• Dental Phobia Support

    Welcome! This is an online support group for anyone who is very afraid of dentistry or who suffers with dental phobia. Please note that this is NOT a dental problems forum! You can find a list of them here.

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Junior member
Jul 6, 2009
Well, I visited a new dentist today and I think I've been had. I went in for a simple checkup/cleaning/xray, but I was charged for a debridement, which I understand is a higher level of cleaning. The thing is that debridement should only be performed on the patient if they have excessive plaque and buildup (to an extent that makes it difficult for the dentist to do his/her job), is it not? Although I haven't been to the dentist in two years, I don't think my plaque or buildup was that bad to warrant this.

The dentist did show me an xray where I had buildup underneath the gum, but he said he wanted me back on a second visit so he could put some gel to numb the gums so he could clean that out. Doesn't that sound like what the actual debridement procedure should have been? But then why was I charged for a debridement?

I think the dentist did a poor job of cleaning my teeth anyway---when I rinsed my mouth out, I was expecting a lot of gunk but it was practically just clean water stained a little bit of red by the blood from my gums. And after leaving the office, I was still able to pick out some plaque with my fingernail...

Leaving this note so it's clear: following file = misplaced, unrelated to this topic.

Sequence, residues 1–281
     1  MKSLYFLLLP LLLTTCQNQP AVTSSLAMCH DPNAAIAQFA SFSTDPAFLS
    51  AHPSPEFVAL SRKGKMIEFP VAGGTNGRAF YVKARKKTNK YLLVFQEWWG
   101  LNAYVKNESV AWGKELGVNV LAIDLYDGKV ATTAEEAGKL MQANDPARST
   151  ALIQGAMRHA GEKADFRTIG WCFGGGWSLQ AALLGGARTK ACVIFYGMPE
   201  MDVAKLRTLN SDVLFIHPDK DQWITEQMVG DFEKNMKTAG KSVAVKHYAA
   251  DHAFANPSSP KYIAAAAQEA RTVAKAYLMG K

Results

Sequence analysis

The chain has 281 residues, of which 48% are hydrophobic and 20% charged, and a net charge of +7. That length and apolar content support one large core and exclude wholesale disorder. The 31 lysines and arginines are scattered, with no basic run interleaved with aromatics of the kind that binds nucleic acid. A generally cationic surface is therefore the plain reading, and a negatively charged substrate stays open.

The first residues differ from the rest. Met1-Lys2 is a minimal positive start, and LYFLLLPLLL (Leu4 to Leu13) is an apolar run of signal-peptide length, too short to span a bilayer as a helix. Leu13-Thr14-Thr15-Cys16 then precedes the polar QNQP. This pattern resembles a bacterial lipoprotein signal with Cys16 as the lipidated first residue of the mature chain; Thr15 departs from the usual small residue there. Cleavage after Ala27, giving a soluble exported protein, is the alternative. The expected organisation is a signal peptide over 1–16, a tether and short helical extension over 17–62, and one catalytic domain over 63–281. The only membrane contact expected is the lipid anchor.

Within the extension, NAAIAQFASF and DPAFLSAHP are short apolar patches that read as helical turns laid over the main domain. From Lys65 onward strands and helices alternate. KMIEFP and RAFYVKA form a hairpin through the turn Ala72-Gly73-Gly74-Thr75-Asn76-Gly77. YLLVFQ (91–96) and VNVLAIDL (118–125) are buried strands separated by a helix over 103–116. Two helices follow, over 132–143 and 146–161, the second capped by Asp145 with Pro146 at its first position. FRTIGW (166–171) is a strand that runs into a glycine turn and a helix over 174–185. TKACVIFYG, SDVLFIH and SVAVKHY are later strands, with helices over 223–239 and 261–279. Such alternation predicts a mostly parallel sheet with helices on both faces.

Well-known member
Verified dentist
Oct 11, 2007
Having a little bit of Gorgonzola with crackers!
I'm don't commonly use the term debridement so I'm not sure what exactly your dental office was referring to. When I hear debridement, I think of someone currettaging out inflammed, boggy tissue along the gum pockets, but it could also refer to gross removal of tartar (?). Best to ask your dentist about that.

If you can see tartar on an xray, that usually means it's pretty severe so that could explain the need for a second appointment and residual amount of plaque present. They may not have cleaned your entire mouth so the uncleaned areas are left for your next visit. There certainly are less than ethical dentists out there, and it can be difficult to weed the bad apples from the good ones. You might want to bring up your concerns with your dentist, and just ask him anything that you're not comfortable with. If he/she is upfront with you and can explain things to your satisfaction, that's a good sign that you're not being scammed.